When someone is injured in a car accident and loses their life, the at-fault driver’s insurance company is contacted. They may reach out to the victim’s family and attempt to reach a fast settlement. The amount they offer may be less than the insurance policies value. This is because they know if they can settle quickly, the survivors cannot file a subsequent claim for additional compensation.
Families should consider having any settlement offers reviewed by a competent personal injury attorney before they accept. This is the best way to ensure that their interests are protected, and that the insurer is not making an offer just to get the claim put to rest.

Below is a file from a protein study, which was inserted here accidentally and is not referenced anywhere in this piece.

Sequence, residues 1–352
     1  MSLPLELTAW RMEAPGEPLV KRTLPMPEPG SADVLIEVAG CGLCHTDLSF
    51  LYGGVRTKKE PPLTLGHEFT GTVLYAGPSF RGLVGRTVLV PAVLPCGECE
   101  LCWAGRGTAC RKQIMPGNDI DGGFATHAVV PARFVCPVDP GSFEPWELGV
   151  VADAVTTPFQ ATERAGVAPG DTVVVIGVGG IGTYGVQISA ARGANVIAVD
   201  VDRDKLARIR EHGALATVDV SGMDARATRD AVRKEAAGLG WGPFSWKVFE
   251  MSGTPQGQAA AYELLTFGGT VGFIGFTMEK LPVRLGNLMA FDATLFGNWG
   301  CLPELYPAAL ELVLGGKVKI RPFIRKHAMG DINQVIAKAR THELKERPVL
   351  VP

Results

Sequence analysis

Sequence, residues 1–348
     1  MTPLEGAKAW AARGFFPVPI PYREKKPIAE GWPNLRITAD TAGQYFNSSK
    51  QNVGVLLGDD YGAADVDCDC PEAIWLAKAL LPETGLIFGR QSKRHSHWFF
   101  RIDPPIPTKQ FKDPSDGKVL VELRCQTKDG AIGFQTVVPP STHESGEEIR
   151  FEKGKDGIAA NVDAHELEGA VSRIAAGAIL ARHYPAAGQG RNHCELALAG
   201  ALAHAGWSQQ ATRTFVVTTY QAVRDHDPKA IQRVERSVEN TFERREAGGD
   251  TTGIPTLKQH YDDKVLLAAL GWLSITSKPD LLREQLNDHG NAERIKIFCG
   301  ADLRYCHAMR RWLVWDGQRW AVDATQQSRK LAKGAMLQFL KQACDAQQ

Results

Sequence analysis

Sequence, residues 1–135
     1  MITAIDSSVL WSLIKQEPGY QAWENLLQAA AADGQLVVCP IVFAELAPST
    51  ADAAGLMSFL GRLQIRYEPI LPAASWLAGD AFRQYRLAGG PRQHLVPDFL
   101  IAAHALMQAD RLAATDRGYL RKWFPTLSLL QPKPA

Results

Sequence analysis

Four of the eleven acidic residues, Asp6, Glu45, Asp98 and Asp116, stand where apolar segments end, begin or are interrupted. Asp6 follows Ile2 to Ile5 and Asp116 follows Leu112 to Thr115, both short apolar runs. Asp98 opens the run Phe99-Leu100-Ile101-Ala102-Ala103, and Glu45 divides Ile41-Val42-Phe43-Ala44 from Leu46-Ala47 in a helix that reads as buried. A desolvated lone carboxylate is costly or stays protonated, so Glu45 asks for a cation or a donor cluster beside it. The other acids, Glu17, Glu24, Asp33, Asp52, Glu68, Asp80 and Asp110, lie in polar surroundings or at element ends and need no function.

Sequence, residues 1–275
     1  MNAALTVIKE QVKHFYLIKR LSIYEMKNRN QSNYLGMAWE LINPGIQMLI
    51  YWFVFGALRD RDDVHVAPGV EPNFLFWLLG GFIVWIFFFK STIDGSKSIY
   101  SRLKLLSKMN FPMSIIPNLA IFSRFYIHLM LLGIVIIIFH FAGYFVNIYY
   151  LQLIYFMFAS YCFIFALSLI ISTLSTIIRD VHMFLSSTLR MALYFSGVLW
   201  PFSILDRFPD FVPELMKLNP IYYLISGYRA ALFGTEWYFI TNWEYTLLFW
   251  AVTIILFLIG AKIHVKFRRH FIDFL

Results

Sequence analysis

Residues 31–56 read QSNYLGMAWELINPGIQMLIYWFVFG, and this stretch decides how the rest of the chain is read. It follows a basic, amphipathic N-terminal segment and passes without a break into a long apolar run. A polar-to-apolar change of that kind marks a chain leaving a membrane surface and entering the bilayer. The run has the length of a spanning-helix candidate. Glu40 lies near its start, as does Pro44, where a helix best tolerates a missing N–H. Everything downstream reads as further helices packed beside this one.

Civil lawsuits versus criminal lawsuits
Sometimes the person or party responsible for a death may be facing criminal charges. This does not mean that the survivors must wait for the criminal case to be decided before filing a wrongful death case. Wrongful death lawsuits are civil proceedings and need not wait until criminal charges, if any, are brought, or tried.
The level of proof is different in criminal lawsuits as well which is why there may be no criminal charges filed. Even if there are no charges, or if someone is found not guilty in a criminal trial, the civil case can go forward and may still be successful.
Contact a Nevada wrongful death lawyer
Families should not have to suffer the financial ramifications of losing a loved one when the death was preventable had it not been for the negligence of another person or party. While everyone knows money is no replacement for the loss of love and companionship suffered after the loss of a loved one, having financial security can make the future easier to face.